In this regard, the question we began with about the sad news of Bernd’s death as a sign of a time gone by might be all the more vital and pressing. With that possibility in mind, we might consider it a test for T. J. Clark’s grand 1999 claim that modernism is our antiquity. (This claim was misappropriated for Documenta 12, which asked, “Is modernity our antiquity?” to which Clark had already responded eight years ago: “This is not what my book title [Farewell to an Idea] means. On the contrary, it is just because the ‘modernity’ which modernism prophesied has finally arrived that the forms of representation it originally gave rise to are now unreadable.”) Put so, we might well ask whether the forms of representation that the Bechers have given us are now unreadable—do the desire and ambition and commitment of the Bechers’ fascination with industrial modernity carry today?

Raising such a question about the Bechers’ modernism may rub against the grain for some readers familiar with the pair’s work and its reception. At least since Carl Andre’s 1972 appreciation appeared in Artforum, their work has been strongly identified with American art of the 1960s. As close as they were to their American colleagues and friends, however, the Bechers themselves insisted that their “relationship with the methods of Concept Art”—that is, with the emotional distancing from the politics of the period that characterized much of Conceptualism and its antecedents—“was somewhat exaggerated.”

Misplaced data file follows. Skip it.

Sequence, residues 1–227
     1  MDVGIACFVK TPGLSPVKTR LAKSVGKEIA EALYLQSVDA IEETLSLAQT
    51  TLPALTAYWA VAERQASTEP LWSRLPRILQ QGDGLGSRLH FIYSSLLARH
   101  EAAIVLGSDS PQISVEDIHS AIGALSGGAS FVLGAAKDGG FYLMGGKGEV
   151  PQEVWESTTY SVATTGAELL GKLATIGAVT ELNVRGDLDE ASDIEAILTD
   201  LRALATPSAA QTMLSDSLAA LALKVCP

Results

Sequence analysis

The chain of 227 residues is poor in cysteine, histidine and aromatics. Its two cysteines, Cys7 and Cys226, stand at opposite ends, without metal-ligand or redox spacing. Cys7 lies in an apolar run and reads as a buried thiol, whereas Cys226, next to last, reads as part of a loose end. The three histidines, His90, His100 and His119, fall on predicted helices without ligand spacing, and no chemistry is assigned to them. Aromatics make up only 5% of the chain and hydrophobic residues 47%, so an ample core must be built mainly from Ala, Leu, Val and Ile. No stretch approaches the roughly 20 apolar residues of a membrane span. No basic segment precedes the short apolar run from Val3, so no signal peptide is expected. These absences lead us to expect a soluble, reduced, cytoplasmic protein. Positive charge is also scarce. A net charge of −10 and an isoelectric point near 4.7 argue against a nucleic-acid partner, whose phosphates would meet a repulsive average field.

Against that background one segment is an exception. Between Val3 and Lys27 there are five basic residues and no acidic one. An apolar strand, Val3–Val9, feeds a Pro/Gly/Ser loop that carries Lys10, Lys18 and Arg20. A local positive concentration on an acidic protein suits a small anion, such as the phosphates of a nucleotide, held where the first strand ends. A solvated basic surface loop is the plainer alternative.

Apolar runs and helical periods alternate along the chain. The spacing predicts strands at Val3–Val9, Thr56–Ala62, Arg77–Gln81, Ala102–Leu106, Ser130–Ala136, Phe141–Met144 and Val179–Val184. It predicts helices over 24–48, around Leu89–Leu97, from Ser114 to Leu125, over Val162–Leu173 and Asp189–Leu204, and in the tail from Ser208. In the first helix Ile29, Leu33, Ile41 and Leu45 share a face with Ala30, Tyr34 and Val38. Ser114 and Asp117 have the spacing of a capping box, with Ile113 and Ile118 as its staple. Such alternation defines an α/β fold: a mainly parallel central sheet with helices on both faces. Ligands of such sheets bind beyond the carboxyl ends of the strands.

Indeed, while their work is cool and distant in tone (in a manner similar to that of Andre, Sol LeWitt, Douglas Huebler, Ed Ruscha, and others), it nevertheless registers differently on the level of affect. Narrowly and negatively speaking, the Bechers never engaged in a deadpan neutralization of their own subjective artistic perspective; neither did they have any concern for inventing ordering systems that seemed arbitrary or without purpose (in this way, for instance, their work is the opposite of Ruscha’s Twentysix Gasoline Stations, 1962, and subsequent photographic books). For all the seeming neutrality of the Bechers’ photographs—the overcast lighting, the straight-on perspective, the consistent framing and consistency of function within a given series, the reduction of color to shades of gray—there is never any doubt that they were captivated by their subjects and enthralled with the process of collecting and organizing pictures of them. What emerges when we consider their project as a whole is not a sense of the arbitrariness of the systematic exercise of reason (which might seem to be the point of Ruscha’s ordering systems) but instead something like the attentiveness and pleasure of a love affair—and this doesn’t even take into consideration the tremendous devotion made plain by their fifty-year commitment!